Unifil II: A year after

Daily News Egypt
7 Min Read

The United Nations Interim Force in Lebanon (Unifil) was set up in 1978 after Israel s invasion of South Lebanon in response to a Palestinian bus hijacking in Israel that ended with more than 30 civilian deaths. The US realized the occupation of South Lebanon by the Israeli army was threatening to unravel the momentum for peace created by the visit of late Egyptian President Anwar Sadat to Jerusalem. Yet Washington ignored the objections of experienced UN staff against placing a peacekeeping force in a country without central authority and wrecked by a raging civil war as well as armed conflict between Israel and the Palestinians, and pushed for the creation of Unifil.

Unifil, a lightly armed peacekeeping force with no enforcement powers and an unrealistic and ambiguous mandate, was thus thrown into the conflict without a properly defined area of operations, sandwiched between heavily armed, undisciplined militias and Israel.

Over the years, it became a habit to refer to Unifil as a toothless and ineffective symbol of UN peacekeeping. But Unifil turned out to be a resilient force that held its ground despite suffering more than 100 fatalities.

In the aftermath of the July 2006 Israel-Hezbollah war, some western leaders took their cues from Israel and naively called for Unifil to be replaced by a fighting multinational force that would go in and teach Hezbollah a lesson. Both Hezbollah and the Lebanese government announced they would not allow the deployment of a quasi-occupation force that could set off a new round of civil war. In any case, no country came forward to seriously discuss such a force. Thus the idea of a robust Unifil II, not under enforcement stipulations of Chapter VII of the UN Charter but under peacekeeping rules of Chapter VI, emerged.

Actually, nothing has changed except that Unifil now has better armed units that still won t use their guns unless they are attacked. Unifil, for all its impressive weaponry, will not get involved in any military confrontation with Hezbollah because it cannot sustain a prolonged clash. Moreover, in today s South Lebanon with its militant villagers loyal to Hezbollah, Unifil cannot last if it starts killing civilians. The talk of robust peacekeeping quickly subsided and Unifil, much to Israel s chagrin, began to operate as a classic peacekeeping force in support of the national army.

The outstanding feature of the new Unifil was to mobilize leading European countries as its key components. With self-sufficient, well-trained and well-equipped infantry troops from France, Italy and Spain and with the addition of Germany as a naval unit and participation of other European nations, Unifil acquired political clout the UN could never claim by itself.

In all fairness, the new Unifil caught on quickly that it was meant to be a conflict management tool with emphasis on winning the hearts and minds of the population and that good relations with the people would also be key to force protection because useful intelligence information would come from them.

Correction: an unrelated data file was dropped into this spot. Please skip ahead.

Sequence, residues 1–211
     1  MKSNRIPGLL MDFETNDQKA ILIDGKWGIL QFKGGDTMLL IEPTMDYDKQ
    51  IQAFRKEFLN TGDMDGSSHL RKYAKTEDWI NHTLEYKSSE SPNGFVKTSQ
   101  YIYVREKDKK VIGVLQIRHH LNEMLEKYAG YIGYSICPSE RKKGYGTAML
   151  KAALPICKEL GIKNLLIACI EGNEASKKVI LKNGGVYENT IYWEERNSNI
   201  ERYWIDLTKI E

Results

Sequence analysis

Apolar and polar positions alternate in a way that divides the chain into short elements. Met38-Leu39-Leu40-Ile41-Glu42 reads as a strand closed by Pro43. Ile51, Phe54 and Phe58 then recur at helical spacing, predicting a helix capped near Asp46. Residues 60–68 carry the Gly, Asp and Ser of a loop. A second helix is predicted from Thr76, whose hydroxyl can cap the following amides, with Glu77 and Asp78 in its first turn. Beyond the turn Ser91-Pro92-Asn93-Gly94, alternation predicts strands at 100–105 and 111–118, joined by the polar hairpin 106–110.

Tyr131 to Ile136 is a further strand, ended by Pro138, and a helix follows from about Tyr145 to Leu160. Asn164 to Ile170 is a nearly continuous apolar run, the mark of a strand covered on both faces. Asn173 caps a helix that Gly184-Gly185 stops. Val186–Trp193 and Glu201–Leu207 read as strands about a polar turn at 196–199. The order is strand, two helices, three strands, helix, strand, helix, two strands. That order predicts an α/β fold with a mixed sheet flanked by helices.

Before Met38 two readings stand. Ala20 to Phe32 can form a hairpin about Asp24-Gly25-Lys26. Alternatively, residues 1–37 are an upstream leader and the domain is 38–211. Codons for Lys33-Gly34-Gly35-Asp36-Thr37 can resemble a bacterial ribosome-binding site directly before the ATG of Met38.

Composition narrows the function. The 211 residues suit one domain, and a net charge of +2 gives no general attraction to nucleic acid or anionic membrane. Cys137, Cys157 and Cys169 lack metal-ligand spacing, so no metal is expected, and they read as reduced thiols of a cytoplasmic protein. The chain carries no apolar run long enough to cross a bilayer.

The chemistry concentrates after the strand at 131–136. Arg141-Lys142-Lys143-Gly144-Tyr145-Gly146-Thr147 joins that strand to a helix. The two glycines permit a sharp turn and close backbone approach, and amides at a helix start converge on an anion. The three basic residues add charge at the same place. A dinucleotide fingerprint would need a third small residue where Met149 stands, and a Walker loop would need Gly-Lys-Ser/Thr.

The mood in South Lebanon began to change and the people began to rely more and more on Unifil and the Lebanese Army for their needs. South Lebanon is now experiencing a period of calm and peace it has not known in decades. But, unless a permanent peace is put in place, the conflict will re-erupt.

There are UN resolutions that call for the disarming of militias, including Hezbollah, and stopping the flow of weapons across the Lebanese borders. Some think the UN should do it. But the Lebanese government says that disarming cannot be done by foreign armies as that would lead to internal conflict, and that the Lebanese will do it their way. Countries contributing troops to Unifil are not willing to change their peacekeeping mandate no matter how hard Israel wants them to.

Unifil is now at a crossroads. After the car-bomb attack that killed six Spanish peacekeepers, UN personnel were confined to bases and could only move in heavily guarded, armored convoys. A vital link to the people that could provide warnings against similar attacks was severed. The Unifil command is aware of the problem, but to achieve consensus among the 30 countries making up the force is a formidable task. A multinational force of 30 countries is not the right structure in southern Lebanon. Differences in national interests, training, doctrine, officer quality, communications and other capabilities make a mockery of any claims to unified and effective command and control structure.

In this part of the world, if you are designated as a target no amount of body armor and machineguns on your vehicles will protect you. Only advance intelligence warning will, and the most reliable and maybe the only way to receive such information is for the peacekeepers to stay in touch with the population. That population, if treated with compassion and respect, will in turn protect the troops.

Timur Gokselserved first as the official spokesman and than as the senior advisor of Unifil between 1979-2003. He now consults on conflict and peacekeeping and teaches the same at American University of Beirut. This commentary is published by DAILY NEWS EGYPT in collaboration with bitterlemons-international.org.

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